Monday, July 10, 2006

A Sunday Monday Sermon

I really should have been a priest. I would have been an excellent priest. I have the booming voice and good acting skills and an excellent memory for Bible quotes and I'm gloomy and melancholy and would have been perfect as the comforter of the afflicted and the afflicter of the comfortable. But of course I lack the dangling bits between my legs and that means God can't use me as an intermediary. Too bad.

The loss of the church is your gain, of course. Today's topic in my godless church of liberalism is the following: Why don't the godless liberals understand that we are at war, that we must all stand firmly behind our brave leader (perhaps casting tentative peeks over his broad shoulder), that nothing is as bad as the Islamic terrorists, that no dissenting voice must be heard in this our shared fear and terror?

This is not my question. But it's the question I've heard from many on the right and even from Christopher Hitchens who recently decided to make a beeline (sort of) towards the wingnut bosoms, after a lifetime of extreme left-wing writing. And it's the question many conservatives ask on their blogs.

The basic mistake in this question is the assumption that there are only two possible positions one can take: Either you are for George Bush and everything he does or you are for the terrorists and everything they do. This seems to be the way many wingnuts see the world, and that is why they think we are pro-terrorist if we are anti-Bush.

A very simple view of the world. Handy, too, because no further thinking is necessary, and then you can go out and yell at stupid liberals for being unpatriotic and pro-Islamofascist and you can yell at stupid lefty feminists for not realizing that they'd be silenced and in a burqua were it not for George Bush and his forces of light, and you can point out that in the U.S. nobody beheads people for being gay, even though they can't marry and you can say how moonbats have no ability to tell these two things apart in their blaming of Bush.

All that flows out smoothly and simultaneously. Too bad it's based on a false premise: the idea that one is either for Bush and against the terrorists or the other way round. In reality, I'm opposed to both the ideas of the Islamic terrorists and the vast majority of the ideas of George Bush. At the same time, too! And yes, this is indeed quite possible. And no, it does not mean that I don't want terrorists apprehended and punished appropriately. I do want that, but I believe that Bush's foreign policies are not achieving their goals. Instead, he is making terrorism more popular among many Muslims and he is making the Western civilization, including feminism, a less attractive option for the same people. This makes the future worse than the past has been. I predict more acts of terror to come.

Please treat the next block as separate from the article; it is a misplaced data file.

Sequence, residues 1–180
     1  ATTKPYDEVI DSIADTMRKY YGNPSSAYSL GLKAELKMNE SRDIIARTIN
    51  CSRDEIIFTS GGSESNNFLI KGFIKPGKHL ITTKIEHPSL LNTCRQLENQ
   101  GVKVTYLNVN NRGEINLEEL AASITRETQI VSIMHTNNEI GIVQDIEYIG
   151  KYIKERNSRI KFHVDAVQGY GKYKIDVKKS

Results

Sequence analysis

I'm also quite capable of grasping that being killed for gayness is much worse than not being allowed to marry a person of the same sex, and I also understand that the world bin Laden has planned for me would be much worse than the world George Bush has planned for me, and if I had to choose between the two of them as dictators of this world I'd choose George Bush. But the point of democracy is that there are many choices, not just two extreme ones, and that we don't choose dictators. When was it declared that everyone must decide between these two religious armies, anyway?

Many wingnuts believe that we are already in a religious war, the one between Christianity and Islam, and that is what drives their arguments. From their angle all Muslims are enemies, and so it is ok to occupy a country which didn't cause the horrors of 911. It is even ok to cause a lot of civilian casualties or to kill a lot of innocents, because it's their innocents that are being killed, not ours.

I can vaguely understand how someone could feel like this. The person probably watched the World Trade towers fall a thousand times and now suffers from post-traumatic stress disorder. Everything is frightening, everything causes flashbacks and reason has taken a vacation. I can vaguely understand this, but I don't have PTSD and I can still think, and I can still study world history to understand what actually happens in terrorism. The religious war is not here yet and if we act carefully and decisively at the same time we can keep it from happening.

George Bush is not acting carefully and decisively at the same time. He's resorting to nothing but violence to respond to violence and he's not too bothered about whom else he kills en route. I'd be pleased with this if I were bin Laden, because Bush is doing all that bin Laden wants the corrupt West to do. Osama bin Laden is now a hero in the eyes of many Muslims, and the credit for this goes to George Bush. Indeed, we might argue that not criticizing Bush's policies is what being pro-terrorist really means.
This was intended for Sunday but I fell asleep.